False positives: A harsh truth
Alongside a string of compliance developments in recent years, companies still have the same old issues to deal with. False positives are one such serial offender. To avoid missing any critical hits, compliance systems tend to strike early, triggering false alarms. Weeding out these false-positive results can take up a substantial chunk of a compliance employee’s time. A monotonous and laborious task – not to mention a weighty responsibility. And despite all of this, critical hits frequently slip through the cracks. Reducing the incidence of false-positive results and improving hit rates would mark a considerable step forward. This is one of the key challenges being tackled by the latest systems and technologies.
Conventional classification of customer segments: The downside
Rule-based approaches to segmentation group customers according to specific criteria, or statistical attributes, such as corporate client, or international customer. Rules are defined for these groups and threshold values determined, taking into account relative risk assessments.
The drawback of this strategy lies in the fact that criteria for group allocation have to be defined “from outside” – and hence remain static. There is no scope for inherent structures. And only a limited number of criteria, or dimensions, can be taken into account at one time. This makes the threshold values both inaccurate and inflexible.
This is where cutting-edge data mining techniques can be put to work – to drive up the accuracy of results. The evaluation of existing data allows criteria to be defined flexibly and gives rise to more precise threshold values.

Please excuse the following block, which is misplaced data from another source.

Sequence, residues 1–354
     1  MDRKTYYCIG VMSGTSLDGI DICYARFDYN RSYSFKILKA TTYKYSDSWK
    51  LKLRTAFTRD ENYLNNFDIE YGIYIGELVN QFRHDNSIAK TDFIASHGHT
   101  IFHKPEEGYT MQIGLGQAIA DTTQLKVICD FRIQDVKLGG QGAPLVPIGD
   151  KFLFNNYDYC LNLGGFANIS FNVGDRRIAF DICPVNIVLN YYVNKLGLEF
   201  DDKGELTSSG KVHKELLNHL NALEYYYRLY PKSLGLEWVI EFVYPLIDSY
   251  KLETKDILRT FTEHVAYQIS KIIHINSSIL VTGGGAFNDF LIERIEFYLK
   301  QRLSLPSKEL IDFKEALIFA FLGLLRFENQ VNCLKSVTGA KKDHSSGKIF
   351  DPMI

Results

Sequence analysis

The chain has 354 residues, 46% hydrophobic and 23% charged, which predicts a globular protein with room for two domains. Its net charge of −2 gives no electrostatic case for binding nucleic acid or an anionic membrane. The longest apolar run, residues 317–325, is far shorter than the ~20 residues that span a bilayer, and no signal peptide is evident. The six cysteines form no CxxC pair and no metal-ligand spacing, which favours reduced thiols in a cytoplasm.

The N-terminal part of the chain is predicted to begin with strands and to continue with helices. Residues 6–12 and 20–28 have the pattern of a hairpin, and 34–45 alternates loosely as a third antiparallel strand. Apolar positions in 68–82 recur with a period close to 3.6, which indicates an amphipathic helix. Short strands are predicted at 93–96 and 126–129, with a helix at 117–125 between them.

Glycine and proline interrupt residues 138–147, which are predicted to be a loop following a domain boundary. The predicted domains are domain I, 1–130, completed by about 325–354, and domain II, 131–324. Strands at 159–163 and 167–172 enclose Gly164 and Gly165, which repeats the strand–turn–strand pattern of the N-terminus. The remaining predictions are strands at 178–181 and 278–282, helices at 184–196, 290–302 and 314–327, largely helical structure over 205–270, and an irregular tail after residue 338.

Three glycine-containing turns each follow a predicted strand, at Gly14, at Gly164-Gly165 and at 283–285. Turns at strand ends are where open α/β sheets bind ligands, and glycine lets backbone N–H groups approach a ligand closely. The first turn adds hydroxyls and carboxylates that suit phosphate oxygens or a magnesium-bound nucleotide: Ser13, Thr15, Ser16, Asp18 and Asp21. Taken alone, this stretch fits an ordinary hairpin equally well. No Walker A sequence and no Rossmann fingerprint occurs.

What does compliance have to do with archaeology?
Cluster analysis (k-means) is used in archaeology to determine the age of historical finds. This is based on the fact that clay fragments from the same period are more similar in design than those from different eras. Cluster analysis can therefore be used to group vast numbers of ceramic fragments and clearly demonstrate which pieces originate from the same era. In essence, this is the overall aim of cluster analysis – to collate a large quantity of objects according to their degree of similarity and reveal an intrinsic existing structure in each group.
Cluster analysis in compliance
The same approach can be used to group customers according to inherent similarities. An internally homogeneous customer segment is made up of customers with similar characteristics and preferences. Customers who differ greatly from one another are grouped in externally heterogeneous customer segments. Using this type of customer segmentation as a basis, the definition of threshold values is significantly more precise.
Advantages of using cluster analysis in customer segmentation:
- Existing data is analyzed and evaluated for inherent similarities.
- Commonalities are not based on static attributes, but rather on customer behavior.
- Empirical classification is therefore prioritized.
- Differences in customer behavior within segments are minimized.
- Differences between individual customer segments are maximized.
- Theoretically, any number of dimensions can be included in the classification e.g. payment amount, number of transactions, general transaction behavior, sender, beneficiary etc.
Even with a single dimension and a relatively small database, customer clustering yields good results. Of course, the larger the database, the better the results. The more data there is available, the more information can be gleaned from it – and the more accurate the classification.
The bottom line? Using cluster analysis in customer segmentation can help make your compliance solution more precise, lighten the load on your workforce – and boost confidence in your solution.
- Hartung, Joachim und Bärbel Elpelt: Multivariate Statistik: Lehr- und Handbuch der angewandten Statistik; Page. 443 ff. https://books.google.de/books?isbn=3486710796 Accessed 17 July 2018
- https://www.statistik.tu-dortmund.de/~dvogel/Multivariate/Skript/08-Clustersanalyse.pdf, Accessed 17 July 2018
- Mehr zum Thema Clustering (k-means) mit Anwendungsbeispiel: https://www.micromata.de/blog/k-means-clustering-big-data/ Accessed 17 July 2018